Tuesday, June 8, 2010

Theresa Tallien

Juan Cabarrus, the Minister of Finance for the King of Spain, was in a panic. His beautiFul daughter, who was very young, was attracting the attention of men. He needed to marry her off quickly.

He chose Juan Fontenay, a French aristocrat. Theresa, only fourteen, was probably not pleased, because Fontenay was short and not good-looking. However, she was presented at Court and she probably enjoyed the sumptuous life of luxury to which she was introduced by her husband. They had a son, Devin.

This was 1788 and danger was on its way. Fontenay fled the Revolution, leaving his young wife in peril from the ruthless French revolutionaries. Even though she divorced him in 1791, Theresa was jailed because she was the former wife of an aristocrat.

She actually went to prison twice. On the second occasion, she met and became friendly with the charismatic Josephine, the future wife of the Emperor Napoleon. She also met Jean Tallien, a revolutionary leader, and seized her chance. Even though he was pock-marked and unattractive, she became his mistress and had a daughter, Thermidor, to him. She was nicknamed 'Our Lady of Thermidor' because she used her influence to free many prisoners.

Theresa sent her lover a message: "I had a dream last night that you were no longer a coward, and I was free." After reading this, Tallien made an impassioned speech against Robespierre and managed to oust him from power. He also married Theresa. This marriage also failed, however, and they were divorced in 1802.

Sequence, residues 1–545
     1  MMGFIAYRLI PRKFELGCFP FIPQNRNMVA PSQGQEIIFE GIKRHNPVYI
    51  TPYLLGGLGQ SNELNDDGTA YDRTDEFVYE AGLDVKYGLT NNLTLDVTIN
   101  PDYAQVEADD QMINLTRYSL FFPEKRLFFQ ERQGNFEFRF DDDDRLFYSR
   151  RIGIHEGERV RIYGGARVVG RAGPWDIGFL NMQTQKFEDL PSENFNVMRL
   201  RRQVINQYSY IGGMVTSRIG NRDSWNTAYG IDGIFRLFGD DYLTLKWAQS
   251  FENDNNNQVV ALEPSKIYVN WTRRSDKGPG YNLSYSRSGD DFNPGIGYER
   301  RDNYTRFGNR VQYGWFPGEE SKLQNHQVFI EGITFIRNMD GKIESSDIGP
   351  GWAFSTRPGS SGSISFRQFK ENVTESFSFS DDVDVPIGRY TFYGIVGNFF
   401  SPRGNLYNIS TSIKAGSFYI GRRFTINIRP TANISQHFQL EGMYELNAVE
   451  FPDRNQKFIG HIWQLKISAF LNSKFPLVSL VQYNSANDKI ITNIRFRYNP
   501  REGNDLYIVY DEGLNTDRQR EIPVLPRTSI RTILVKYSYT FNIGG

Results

Theresa didn't act like a woman educated by nuns. She had many lovers, including Paul Barras and Gabriel Ouvrard. Eventually she married the Comte de Caraman, the 16th Prince of Chimay, and had several children with him.

She was famous for her salon and friendly with many in the artistic and intellectual world in Paris.

1 comment:

Matterhorn said...

Well, she sounds like a real survivor...I can't imagine being stranded in France at that awful time at such a young age.

I am currently reading a biography of the doomed Madame Elisabeth of France (sister of Louis XVI) by Princess Henriette of Belgium (sister of Albert I). It is a very sad but touching book and I will post on it soon. It is very interesting to hear the one princess talk about the other.

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